Worth sharing! Our SJIPC is also working on ways to help inform and educate our community on marijuana, as it becomes legal for recreational use for those 21 and over. Our concern, of course, is minors will have easier access and the perceived harm is down by it just becoming legal. What message are we sending our youth?
Jul 10, 2014
Too often the message people get about marijuana is that it’s a harmless drug that doesn’t impact public health. However, The Council on Alcohol and Drugs (The Council) hopes to change that through a new statewide initiative launched this year.
The Georgia Marijuana Abuse Prevention Initiative (GMAPI) is a multi-year, multi-faceted effort to prevent and reduce marijuana abuse in the state of Georgia by educating youth and families on the consequences related to marijuana use, and to work with businesses across the state to create safe, drug-free workplaces. The Initiative includes training to key stakeholders, a media campaign, policy education and research. Although the Initiative’s state-wide Collaborative just began in March, it already has over 70 member agencies.
“The main impetus behind this initiative is to educate the public. We want to let the public, parents in particular, know that marijuana is not the soft drug that it’s played up to be by so many media and pro-marijuana supporters,” explained Dr. Gregg Raduka, Director of Prevention and Intervention at The Council.
The Council is working in collaboration with Dr. Sheryl Strasser and a research team from Georgia State University’s (GSU) School of Public Health. Other partners include Georgia’s Drug Free Communities coalitions such as CADCA member Genesis Prevention Coalition, prevention providers, government agencies, faith-based organizations, private businesses, the medical community, and law enforcement with the goal of creating a truly integrated statewide campaign to address these issues.
Dr. Raduka said the initiative will be based on elements of prevention science and research.
“We want to take a very scientific approach, and will be following the 5 steps of SAMHSA’s Strategic Prevention Framework: needs assessment, capacity building, strategic planning, implementation, and evaluation,” he said.
The Council’s university partner will be a vital part of this campaign.
“GSU’s School of Public Health will conduct, publish, and disseminate a statewide marijuana needs assessment and prevalence survey, and will include recommendations regarding preventing marijuana abuse in Georgia. The university will also perform the evaluation of this campaign,” Dr. Raduka noted.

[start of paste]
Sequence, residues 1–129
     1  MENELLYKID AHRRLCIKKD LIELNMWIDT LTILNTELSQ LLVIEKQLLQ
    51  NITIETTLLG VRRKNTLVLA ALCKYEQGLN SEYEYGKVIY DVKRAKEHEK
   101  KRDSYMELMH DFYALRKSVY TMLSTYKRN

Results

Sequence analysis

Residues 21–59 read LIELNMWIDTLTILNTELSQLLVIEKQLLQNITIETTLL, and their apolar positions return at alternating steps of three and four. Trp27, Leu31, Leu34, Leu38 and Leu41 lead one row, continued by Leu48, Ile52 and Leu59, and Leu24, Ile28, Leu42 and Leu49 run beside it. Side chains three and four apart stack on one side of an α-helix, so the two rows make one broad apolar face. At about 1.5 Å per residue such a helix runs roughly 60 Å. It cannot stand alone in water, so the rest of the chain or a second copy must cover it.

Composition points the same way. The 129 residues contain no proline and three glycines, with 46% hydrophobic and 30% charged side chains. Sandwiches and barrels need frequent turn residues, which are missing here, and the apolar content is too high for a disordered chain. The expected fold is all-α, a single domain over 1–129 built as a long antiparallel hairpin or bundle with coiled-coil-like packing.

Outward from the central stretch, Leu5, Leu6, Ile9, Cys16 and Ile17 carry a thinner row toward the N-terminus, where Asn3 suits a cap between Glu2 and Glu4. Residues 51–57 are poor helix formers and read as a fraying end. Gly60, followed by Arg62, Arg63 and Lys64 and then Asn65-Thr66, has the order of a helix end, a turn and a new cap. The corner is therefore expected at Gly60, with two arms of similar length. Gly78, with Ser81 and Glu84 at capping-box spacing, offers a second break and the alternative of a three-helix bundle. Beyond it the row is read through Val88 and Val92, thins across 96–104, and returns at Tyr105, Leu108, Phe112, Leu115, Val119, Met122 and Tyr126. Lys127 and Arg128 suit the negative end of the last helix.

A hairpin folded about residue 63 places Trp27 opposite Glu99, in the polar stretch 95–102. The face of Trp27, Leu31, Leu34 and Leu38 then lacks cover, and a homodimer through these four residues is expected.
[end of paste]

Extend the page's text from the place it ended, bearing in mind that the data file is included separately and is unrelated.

What makes this initiative unique is that it also aims to reduce marijuana use among employees in Georgia by working with the business community.
Chuck Wade, Executive Director and CEO of the Council, has found employer drug education to be a vital tool to reach out and educate families.
“Certified drug free companies provide mandatory annual drug education to their employees. This is drug education delivered to a ‘captive audience’ that parents can take home and share with their children to help keep them drug and alcohol free. So we’ve been doing drug training in thousands of companies for thousands of employees. Parents rush up and have a number of questions about addiction, drug abuse, and their children,” Wade explained.
Drug-free workplaces not only serve to educate workers, but protect employers from the dangers of employees who use marijuana. Much like with alcohol, use of marijuana can have negative impacts on productivity and safety, with negative consequences for employers and other employees.
Georgia is one of 14 states that provide workers’ compensation insurance discounts to certified drug-free workplaces, currently a 7.5 percent discount. “But this pales compared to all the other benefits to being a drug-free workplace. It increases productivity, reduces medical costs, reduces turnover, increases morale, reduces theft in the workplace, reduces absenteeism and tardiness.” Wade noted.
This campaign is just beginning, and currently has funding secured for three years, but member coalitions are already excited about the chance to educate their communities about the impact of legalizing marijuana before legalization efforts take hold, and to reduce the negative impact of marijuana use across the State of Georgia.
For questions about the Initiative, contact Dr. Gregg Raduka at email@example.com.